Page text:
If we go back to the Latin origin of the English word "religion" (most accepted root is "religare" - "to bind fast"), it has to do with 'binding fast' to the traditions and practices of a household, including worship of the god held by the householder. Often, rather than being born to a house, one came to the house through being a member of a conquered nation taken as slaves. Too keep "order" in the house, it was essential that all living in the household follow the same practices.
Given that history, and the additional baggage that goes along with "organizationalized" religion today, I must say that I largely disagree with Alan Miller (author of that article). In organizations of all types, today, persons have feelings of powerlessness that threaten the orderly psyches of individuals.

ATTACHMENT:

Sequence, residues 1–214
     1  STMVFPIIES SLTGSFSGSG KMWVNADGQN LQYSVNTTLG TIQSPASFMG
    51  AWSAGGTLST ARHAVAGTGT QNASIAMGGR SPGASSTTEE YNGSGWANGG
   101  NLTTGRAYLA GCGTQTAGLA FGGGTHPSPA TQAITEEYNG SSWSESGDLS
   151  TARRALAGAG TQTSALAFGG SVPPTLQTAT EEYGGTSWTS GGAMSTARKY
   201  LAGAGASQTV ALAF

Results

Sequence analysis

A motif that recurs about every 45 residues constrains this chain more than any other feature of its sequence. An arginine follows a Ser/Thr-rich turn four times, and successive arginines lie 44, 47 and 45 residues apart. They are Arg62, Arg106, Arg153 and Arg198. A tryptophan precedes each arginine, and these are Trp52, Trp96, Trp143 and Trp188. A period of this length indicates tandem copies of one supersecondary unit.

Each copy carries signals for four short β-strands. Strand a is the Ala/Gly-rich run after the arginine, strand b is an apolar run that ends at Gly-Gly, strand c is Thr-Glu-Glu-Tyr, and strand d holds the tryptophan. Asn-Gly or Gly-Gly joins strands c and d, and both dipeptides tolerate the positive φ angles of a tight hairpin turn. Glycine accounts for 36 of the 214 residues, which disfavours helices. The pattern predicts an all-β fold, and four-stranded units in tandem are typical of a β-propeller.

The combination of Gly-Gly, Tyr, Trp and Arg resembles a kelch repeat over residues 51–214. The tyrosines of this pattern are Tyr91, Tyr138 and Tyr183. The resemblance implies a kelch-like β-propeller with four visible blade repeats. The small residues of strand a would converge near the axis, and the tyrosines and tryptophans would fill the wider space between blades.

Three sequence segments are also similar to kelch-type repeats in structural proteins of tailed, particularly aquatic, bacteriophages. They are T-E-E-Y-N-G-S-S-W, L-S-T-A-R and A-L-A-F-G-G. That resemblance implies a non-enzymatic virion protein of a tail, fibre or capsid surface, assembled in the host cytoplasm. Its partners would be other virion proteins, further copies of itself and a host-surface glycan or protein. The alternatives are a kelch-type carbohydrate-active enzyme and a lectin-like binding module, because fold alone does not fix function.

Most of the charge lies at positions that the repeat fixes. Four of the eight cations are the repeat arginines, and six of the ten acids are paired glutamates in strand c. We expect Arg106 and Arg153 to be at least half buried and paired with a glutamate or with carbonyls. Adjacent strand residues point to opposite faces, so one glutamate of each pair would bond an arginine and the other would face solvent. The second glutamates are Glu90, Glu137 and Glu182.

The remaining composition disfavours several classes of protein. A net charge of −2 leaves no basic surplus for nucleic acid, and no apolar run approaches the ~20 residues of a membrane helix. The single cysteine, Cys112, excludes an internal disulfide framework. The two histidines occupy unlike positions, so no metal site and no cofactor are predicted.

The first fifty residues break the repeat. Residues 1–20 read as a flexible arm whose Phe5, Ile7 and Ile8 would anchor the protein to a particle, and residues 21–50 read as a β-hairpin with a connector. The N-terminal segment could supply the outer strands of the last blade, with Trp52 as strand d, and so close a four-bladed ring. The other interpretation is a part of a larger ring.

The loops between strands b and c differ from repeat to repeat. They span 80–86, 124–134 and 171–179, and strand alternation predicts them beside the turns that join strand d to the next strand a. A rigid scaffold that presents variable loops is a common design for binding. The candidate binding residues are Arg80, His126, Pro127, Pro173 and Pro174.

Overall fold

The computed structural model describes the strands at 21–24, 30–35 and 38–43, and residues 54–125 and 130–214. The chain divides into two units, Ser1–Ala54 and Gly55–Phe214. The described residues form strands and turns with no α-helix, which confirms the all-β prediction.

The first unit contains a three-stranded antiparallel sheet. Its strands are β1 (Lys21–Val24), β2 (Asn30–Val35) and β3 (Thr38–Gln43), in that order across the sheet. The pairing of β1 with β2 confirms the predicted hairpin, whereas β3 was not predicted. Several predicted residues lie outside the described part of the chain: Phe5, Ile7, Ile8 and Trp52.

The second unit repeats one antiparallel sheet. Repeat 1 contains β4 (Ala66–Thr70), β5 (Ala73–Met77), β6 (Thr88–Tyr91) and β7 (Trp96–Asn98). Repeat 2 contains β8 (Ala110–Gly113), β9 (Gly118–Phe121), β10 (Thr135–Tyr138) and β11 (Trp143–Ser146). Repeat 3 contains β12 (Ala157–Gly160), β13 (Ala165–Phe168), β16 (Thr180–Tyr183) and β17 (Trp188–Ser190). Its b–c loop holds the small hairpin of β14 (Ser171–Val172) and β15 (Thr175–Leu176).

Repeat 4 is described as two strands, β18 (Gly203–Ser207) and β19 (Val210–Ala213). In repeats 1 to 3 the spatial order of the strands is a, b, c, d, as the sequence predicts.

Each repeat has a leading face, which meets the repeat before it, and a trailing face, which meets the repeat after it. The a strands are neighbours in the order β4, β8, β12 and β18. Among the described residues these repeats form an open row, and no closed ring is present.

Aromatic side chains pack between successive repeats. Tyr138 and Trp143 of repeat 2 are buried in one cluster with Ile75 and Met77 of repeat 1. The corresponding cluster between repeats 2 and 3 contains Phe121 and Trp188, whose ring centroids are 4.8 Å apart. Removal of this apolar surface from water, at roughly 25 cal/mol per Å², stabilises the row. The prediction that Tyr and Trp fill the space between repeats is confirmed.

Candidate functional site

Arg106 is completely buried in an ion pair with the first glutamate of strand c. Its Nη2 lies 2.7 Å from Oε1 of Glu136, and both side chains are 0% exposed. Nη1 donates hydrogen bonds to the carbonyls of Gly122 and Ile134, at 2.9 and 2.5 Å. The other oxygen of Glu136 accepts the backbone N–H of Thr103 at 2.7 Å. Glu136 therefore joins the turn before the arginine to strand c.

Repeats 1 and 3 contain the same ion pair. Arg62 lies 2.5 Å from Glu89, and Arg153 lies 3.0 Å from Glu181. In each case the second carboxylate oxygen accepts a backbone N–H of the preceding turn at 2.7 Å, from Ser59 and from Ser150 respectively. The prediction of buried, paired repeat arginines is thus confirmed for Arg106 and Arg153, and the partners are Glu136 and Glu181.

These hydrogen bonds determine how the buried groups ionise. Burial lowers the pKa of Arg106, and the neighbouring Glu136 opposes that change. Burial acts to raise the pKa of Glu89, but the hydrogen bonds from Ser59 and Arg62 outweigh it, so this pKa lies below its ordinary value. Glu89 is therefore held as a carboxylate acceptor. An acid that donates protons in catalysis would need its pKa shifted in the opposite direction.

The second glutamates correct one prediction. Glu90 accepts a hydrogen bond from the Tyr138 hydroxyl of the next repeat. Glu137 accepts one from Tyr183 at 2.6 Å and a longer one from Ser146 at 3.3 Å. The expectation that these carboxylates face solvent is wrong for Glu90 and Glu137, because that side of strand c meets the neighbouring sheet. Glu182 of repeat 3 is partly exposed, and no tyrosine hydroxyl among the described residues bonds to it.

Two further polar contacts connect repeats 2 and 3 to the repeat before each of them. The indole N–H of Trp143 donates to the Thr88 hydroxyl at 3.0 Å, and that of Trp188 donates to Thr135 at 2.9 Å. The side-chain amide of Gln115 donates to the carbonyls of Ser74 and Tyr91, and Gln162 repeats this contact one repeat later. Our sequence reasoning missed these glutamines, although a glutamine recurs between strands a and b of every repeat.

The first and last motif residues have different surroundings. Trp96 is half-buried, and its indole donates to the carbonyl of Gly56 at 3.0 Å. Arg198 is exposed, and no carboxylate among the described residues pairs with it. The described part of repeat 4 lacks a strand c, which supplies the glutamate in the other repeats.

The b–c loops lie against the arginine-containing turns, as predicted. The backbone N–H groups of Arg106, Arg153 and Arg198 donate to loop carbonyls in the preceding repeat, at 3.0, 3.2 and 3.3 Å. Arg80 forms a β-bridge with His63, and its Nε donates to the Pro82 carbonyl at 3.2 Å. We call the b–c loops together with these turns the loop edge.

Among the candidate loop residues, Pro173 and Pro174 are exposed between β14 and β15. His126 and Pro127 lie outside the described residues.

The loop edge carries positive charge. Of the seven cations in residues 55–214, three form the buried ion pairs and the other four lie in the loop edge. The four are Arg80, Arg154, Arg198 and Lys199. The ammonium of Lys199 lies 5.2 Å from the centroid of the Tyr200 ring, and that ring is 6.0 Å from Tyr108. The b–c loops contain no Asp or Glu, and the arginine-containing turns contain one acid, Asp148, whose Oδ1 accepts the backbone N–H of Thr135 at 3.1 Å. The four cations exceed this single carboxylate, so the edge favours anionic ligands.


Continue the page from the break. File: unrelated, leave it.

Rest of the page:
That said, in almost all spiritual traditions, some degree of "relinquishing self" to a power or process greater than the "self" is a central idea. If one is unable to accomplish this to some extent, than the beliefs and practices are rather useless whether one calls them 'spiritual' or 'religious'.